• (14) Information concerning the CarMax Group Common Stock beneficially owned by Ronald Juvonen as of December 31, 2001, was obtained from a Schedule 13G/A dated February 8, 2002. According to this filing, the shares are held by Downtown Associates I, L.P.; Downtown Associates II, L.P.; Downtown Associates III, L.P.; Downtown Associates IV, L.P. and Downtown Foundations, L.P. (collectively, the “Downtown Funds”) and Ronald Juvonen individually. The general partner of the Downtown Funds is Downtown Associates, L.L.C. Ronald Juvonen, as the managing member of the general partner, has sole voting power and sole dispositive power with respect to the shares. (15) Information concerning the CarMax Group Common Stock beneficially owned by Orbis Holdings Limited, a parent holding company (“Orbis Holdings”), as of December 31, 2001, was obtained from a Schedule 13G/A dated February 14, 2002, filed by: Orbis Holdings, Orbis Asset Management Limited (“Orbis Asset”) and Orbis Investment Management Limited (“Orbis Investment”), an investment adviser. According to this filing of the 2,530,393 shares beneficially owned: Orbis Holdings has shared voting and dispositive power for all of the shares, but disclaims beneficial ownership of these shares, Orbis Investment has shared voting and dispositive power for 2,350,000 shares but disclaims beneficial ownership of these shares and Orbis Asset has shared voting and dispositive power for 180,393 shares, but disclaims beneficial ownership of these shares. The filing indicates that Orbis Holdings, Orbis Investment and Orbis Asset may be deemed to constitute a “group” for purposes of Section 13(d) of the Securities Exchange Act of 1934, as amended. (16) Information concerning the CarMax Group Common Stock beneficially owned by FMR Corp. (“FMR”) as of December 31, 2001, was obtained from a Schedule 13G dated February 14, 2002. According to the Schedule 13G, FMR Corp. is a parent holding company and certain members of the family of Edward C. Johnson 3rd may be deemed members of a group that controls FMR. The Schedule 13G indicates that of the 2,098,010 shares beneficially owned: (i) 1,398,400 shares are beneficially owned by Fidelity Management & Research Company, a wholly owned subsidiary of FMR and a registered investment adviser (“Fidelity Research”); (ii) 480,510 shares are beneficially owned by Fidelity Management Trust Company, a wholly owned subsidiary of FMR Corp. and a bank which serves as investment manager for certain institutional accounts (“Fidelity Trust”); and (iii) 219,100 shares are beneficially owned by Fidelity International Limited (“Fidelity International”), a foreign-based subsidiary and investment adviser for certain institutional investors. FMR and Mr. Johnson have sole power to dispose of the shares beneficially owned by Fidelity Research and Fidelity Trust and sole power to vote the shares beneficially owned by Fidelity Trust. However, the trustees of the mutual funds managed by Fidelity Research have sole power to vote the shares that are beneficially owned by Fidelity Research. FMR and Fidelity International believe that they are not acting as a “group” for purposes of Section 13(d) of the Securities Exchange Act of 1934, as amended, and therefore believe that they are not otherwise required to attribute to each other the “beneficial ownership” of the securities “beneficially owned” by the other corporation within the meaning of Rule 13d-3 of the Exchange Act. (17) Information concerning the CarMax Group Common Stock beneficially owned by Stephen F. Mandel, Jr. as of March 18, 2002, was obtained from a Schedule 13G filed March 27, 2002. According to the Schedule 13G, Mr. Mandel, Jr., as the managing member of the general partner of certain limited partnerships that own CarMax Group Common Stock and as managing member of an entity whose client owns CarMax Group Common Stock, shares power to vote or dispose of shares directly owned as follows: (i) 69,426 shares owned by Lone Spruce, L.P.; (ii) 152,352 shares owned by Lone Balsam, L.P.; (iii) 127,281 shares owned by Lone Sequoia, L.P.; and (iv) 1,579,441 shares owned by Lone Pine Capital LLC. Each of Lone Spruce, Lone Balsam, Lone Sequoia and Lone Pine Capital has shared voting and shared dispositive power for the shares they hold. 8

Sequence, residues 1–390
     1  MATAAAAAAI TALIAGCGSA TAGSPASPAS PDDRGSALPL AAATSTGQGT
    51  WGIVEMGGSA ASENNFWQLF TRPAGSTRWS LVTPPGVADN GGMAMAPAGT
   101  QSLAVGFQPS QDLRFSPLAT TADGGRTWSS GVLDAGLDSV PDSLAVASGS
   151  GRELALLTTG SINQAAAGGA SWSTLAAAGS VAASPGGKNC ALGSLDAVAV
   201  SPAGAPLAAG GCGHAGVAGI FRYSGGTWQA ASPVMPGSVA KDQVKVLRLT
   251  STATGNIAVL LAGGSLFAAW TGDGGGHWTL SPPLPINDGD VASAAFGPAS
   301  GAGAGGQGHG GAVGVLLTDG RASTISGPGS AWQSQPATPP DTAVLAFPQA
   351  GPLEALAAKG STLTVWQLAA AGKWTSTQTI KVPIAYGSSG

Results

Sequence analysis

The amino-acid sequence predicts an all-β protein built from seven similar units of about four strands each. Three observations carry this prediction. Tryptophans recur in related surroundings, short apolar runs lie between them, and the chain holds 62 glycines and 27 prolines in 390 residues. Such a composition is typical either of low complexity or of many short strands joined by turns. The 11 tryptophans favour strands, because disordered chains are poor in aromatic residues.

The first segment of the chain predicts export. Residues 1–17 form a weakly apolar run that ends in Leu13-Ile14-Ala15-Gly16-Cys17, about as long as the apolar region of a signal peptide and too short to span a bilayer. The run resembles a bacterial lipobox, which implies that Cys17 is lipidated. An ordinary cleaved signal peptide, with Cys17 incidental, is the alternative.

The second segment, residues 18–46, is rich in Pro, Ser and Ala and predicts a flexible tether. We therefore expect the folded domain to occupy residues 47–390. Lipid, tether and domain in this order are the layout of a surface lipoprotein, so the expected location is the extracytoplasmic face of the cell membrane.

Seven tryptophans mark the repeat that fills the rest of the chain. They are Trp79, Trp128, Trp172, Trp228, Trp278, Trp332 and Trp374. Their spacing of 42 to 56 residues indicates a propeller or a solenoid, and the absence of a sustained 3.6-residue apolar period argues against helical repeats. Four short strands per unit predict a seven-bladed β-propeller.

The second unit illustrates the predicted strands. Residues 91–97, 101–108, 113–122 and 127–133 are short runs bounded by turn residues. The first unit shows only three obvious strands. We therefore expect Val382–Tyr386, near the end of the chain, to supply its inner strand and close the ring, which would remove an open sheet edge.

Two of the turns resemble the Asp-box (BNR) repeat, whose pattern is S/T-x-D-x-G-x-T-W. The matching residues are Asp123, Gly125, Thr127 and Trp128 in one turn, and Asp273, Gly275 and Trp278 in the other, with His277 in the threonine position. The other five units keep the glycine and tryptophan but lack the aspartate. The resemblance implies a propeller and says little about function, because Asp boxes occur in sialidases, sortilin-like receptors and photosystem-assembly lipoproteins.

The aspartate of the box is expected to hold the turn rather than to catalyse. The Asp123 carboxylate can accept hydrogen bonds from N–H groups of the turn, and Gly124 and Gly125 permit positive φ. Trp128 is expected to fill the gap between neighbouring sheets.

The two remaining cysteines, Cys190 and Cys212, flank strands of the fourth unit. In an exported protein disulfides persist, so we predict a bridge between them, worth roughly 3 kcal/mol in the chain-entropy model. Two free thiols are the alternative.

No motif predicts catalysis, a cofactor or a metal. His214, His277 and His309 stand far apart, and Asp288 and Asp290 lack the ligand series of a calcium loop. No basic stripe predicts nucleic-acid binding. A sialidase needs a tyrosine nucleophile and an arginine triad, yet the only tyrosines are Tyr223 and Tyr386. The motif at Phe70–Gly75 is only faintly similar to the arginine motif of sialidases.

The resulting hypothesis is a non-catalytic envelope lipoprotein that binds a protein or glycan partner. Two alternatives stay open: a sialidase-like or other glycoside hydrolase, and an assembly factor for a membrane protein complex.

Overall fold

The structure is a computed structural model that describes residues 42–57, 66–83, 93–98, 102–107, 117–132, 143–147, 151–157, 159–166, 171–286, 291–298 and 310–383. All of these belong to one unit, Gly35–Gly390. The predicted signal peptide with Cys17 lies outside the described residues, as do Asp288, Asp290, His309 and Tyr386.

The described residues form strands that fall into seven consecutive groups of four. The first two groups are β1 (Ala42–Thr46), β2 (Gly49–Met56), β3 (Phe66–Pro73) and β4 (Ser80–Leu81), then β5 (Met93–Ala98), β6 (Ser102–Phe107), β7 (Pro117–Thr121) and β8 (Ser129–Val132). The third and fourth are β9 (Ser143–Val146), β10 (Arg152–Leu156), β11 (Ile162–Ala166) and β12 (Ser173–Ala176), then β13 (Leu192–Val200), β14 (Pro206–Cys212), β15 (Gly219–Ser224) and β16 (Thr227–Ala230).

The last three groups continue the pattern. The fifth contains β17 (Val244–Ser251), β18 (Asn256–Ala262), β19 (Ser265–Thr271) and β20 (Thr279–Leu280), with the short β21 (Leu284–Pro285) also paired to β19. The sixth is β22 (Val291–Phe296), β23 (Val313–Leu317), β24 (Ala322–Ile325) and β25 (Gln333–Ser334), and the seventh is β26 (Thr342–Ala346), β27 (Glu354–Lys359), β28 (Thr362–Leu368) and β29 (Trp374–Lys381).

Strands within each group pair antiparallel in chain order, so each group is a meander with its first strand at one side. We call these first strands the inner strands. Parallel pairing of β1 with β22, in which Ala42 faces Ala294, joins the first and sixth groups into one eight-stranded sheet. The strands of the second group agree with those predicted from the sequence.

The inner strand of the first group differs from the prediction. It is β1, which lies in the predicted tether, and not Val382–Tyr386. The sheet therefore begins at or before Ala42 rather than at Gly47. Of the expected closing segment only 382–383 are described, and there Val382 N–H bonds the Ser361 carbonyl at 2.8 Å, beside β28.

• CERTAIN INFORMATION CONCERNING THE BOARD OF DIRECTORS AND ITS COMMITTEES The Board of Directors held eight meetings during the fiscal year ended February 28, 2002. No director attended less than 75 percent of the aggregate number of meetings of the Board and the committees on which he or she served, except for Paula G. Rosput who joined the Board in December with the understanding she would be unable to attend the February Board meeting because of a prior conflict. The Audit Committee is composed of Mikael Salovaara, Chairman; Carolyn H. Byrd; Richard N. Cooper; Barbara S. Feigin; and Hugh G. Robinson. The Board of Directors, in its business judgment, has determined that all members of the Audit Committee are “independent,” as defined in the applicable listing standards of the New York Stock Exchange. Five meetings were held during the fiscal year ended February 28, 2002. The Audit Committee reviews and recommends to the Board the independent auditors to be selected to audit the Company’s financial statements. It also reviews the scope of the proposed audits and audit procedures to be employed, the independence of the auditors and the effectiveness of the Company’s system of internal controls, as well as the Company’s internal audit function. When the audit is complete, the Audit Committee reviews it with management and separately with the auditors. The Report of the Audit Committee is included in this Proxy Statement on page 10. The Compensation and Personnel Committee is composed of Robert S. Jepson, Jr., Chairman; James F. Hardymon; Paula G. Rosput; and John W. Snow. Five meetings were held during the fiscal year ended February 28, 2002. The functions of this Committee include reviewing, evaluating and approving the amount, design and implementation of compensation programs for officers and key personnel, making awards under and administering the Company’s stock incentive programs, reviewing and making recommendations with respect to senior management organization and reviewing the Company’s programs for attracting and compensating management personnel at lower and middle levels. The Report of the Compensation and Personnel Committee is included in this Proxy Statement on page 13. The Pension Committee is composed of Richard N. Cooper, Chairman; Carolyn H. Byrd; Barbara S. Feigin; Paula G. Rosput; Mikael Salovaara; and Carolyn Y. Woo. One meeting was held during the fiscal year ended February 28, 2002. The functions of this Committee are to provide oversight of investment allocations and fund managers for the Employee Retirement Plan of Circuit City Stores, Inc. and to receive and review on behalf of the Board periodic reports concerning the funding status and investment performance of the Retirement Plan from the management employees of the Company with responsibility for such matters. The Nominating and Governance Committee is composed of John W. Snow, Chairman; James F. Hardymon; Robert S. Jepson, Jr.; Hugh G. Robinson; and Carolyn Y. Woo. Five meetings were held during the fiscal year ended February 28, 2002. The functions of this Committee include reviewing significant corporate governance issues and recommending changes to the Board as appropriate, recommending candidates for election as directors and reviewing and recommending policies with regard to the size and composition of the Board. The Committee for the Board considers nominees recommended by the Company’s shareholders. The Company’s Board of Directors embraces the principle that diversity in all respects both strengthens its membership and increases its effectiveness. The Board strives to select for its membership highly qualified individuals who are dedicated to advancing the interests of the Company’s shareholders. When vacancies on the Board occur, the Nominating and Governance Committee seeks individuals who, based on their background and qualifications, can promote this goal in conjunction with the other members of the Board. The Committee actively seeks nominees who will bring diverse talents, experiences and perspectives to the Board’s deliberations. The Board is actively involved in the Company’s strategic planning process. For information concerning the Company’s strategic planning process, including the Board’s involvement in the process, please visit the Investor Information section of the Company’s website at www.CircuitCity.com. 9